Tuesday, May 10, 2016

Confessions of Liberal (In)Tolerance From Those Who Often Promote It

In recent weeks, two articles in unlikely places have called out liberal intolerance. The first was published at Vox which discussed liberal smugness (you can read it here). Vox is by no means a member of the "right wing conspiracy." The second notable article was written by noted columnist Nicholas Kristof and published in the New York Times which, again, is not known for showing favoritism or even sensitivity to the evangelical cause. In the column, Kristof directly calls out liberal intolerance.

He begins with the following:
We progressives believe in diversity, and we want women, blacks, Latinos, gays and Muslims at the table — er, so long as they aren’t conservatives.

Universities are the bedrock of progressive values, but the one kind of diversity that universities disregard is ideological and religious. We’re fine with people who don’t look like us, as long as they think like us.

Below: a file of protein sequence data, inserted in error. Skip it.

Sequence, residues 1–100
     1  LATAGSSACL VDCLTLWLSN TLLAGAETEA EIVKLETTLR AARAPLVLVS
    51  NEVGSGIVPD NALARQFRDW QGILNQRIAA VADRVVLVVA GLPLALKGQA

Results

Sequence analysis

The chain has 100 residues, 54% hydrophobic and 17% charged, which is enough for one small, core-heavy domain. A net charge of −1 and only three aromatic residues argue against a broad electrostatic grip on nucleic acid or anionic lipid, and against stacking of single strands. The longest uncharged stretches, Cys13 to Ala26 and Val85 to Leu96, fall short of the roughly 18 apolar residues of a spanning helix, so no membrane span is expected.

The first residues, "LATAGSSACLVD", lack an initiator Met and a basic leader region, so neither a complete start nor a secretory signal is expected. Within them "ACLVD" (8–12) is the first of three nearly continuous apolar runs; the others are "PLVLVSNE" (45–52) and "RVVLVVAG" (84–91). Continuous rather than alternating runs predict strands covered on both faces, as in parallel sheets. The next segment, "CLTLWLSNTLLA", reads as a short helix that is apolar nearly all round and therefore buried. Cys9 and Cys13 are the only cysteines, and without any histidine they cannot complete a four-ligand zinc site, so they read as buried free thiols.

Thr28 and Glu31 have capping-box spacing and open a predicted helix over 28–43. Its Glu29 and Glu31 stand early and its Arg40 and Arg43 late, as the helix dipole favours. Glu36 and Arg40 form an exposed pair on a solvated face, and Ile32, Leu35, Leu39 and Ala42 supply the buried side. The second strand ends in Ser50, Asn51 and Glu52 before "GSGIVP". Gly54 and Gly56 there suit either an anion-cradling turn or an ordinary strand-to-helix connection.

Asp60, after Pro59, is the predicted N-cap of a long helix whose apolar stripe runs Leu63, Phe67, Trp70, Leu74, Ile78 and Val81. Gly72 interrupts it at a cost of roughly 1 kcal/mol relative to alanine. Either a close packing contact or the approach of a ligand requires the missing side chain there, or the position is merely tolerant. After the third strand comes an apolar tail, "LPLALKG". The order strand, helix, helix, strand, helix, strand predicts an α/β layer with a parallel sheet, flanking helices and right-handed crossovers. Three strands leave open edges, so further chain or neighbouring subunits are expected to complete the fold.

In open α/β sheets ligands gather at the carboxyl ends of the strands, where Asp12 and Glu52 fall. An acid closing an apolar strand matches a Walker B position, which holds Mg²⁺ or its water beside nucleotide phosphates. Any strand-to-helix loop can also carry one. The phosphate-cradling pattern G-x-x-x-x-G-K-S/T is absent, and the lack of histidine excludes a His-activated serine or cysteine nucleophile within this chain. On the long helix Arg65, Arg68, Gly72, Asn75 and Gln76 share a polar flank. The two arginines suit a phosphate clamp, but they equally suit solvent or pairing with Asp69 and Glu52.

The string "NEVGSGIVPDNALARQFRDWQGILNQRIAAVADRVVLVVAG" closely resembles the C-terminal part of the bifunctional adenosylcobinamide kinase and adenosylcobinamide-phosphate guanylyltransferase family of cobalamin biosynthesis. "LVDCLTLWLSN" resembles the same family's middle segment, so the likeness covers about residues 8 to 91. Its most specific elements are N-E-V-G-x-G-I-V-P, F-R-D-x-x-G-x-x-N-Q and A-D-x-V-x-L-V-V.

O.K., that’s a little harsh. But consider George Yancey, a sociologist who is black and evangelical.
“Outside of academia I faced more problems as a black,” he told me. “But inside academia I face more problems as a Christian, and it is not even close.”
You can read the rest of the article here.

Perhaps we are starting to see some self-reflecting among the liberal elite, but frankly, my understanding of the doctrine of sin tells me that though we may see pockets of the left discovering their own hypocrisy, they will be far and few between. Political liberalism is a religion. Pure and simple. Liberalism popularity is spread through fear, coercion, intolerance, and emotional appeal.

Nevertheless, its good to see both Vox and Kristof discover what conservatives in general and evangelical Christians in particular have been saying for decades. The worse intolerance isn't on the right, but on the left. What if frightful is the law is increasingly on their side.
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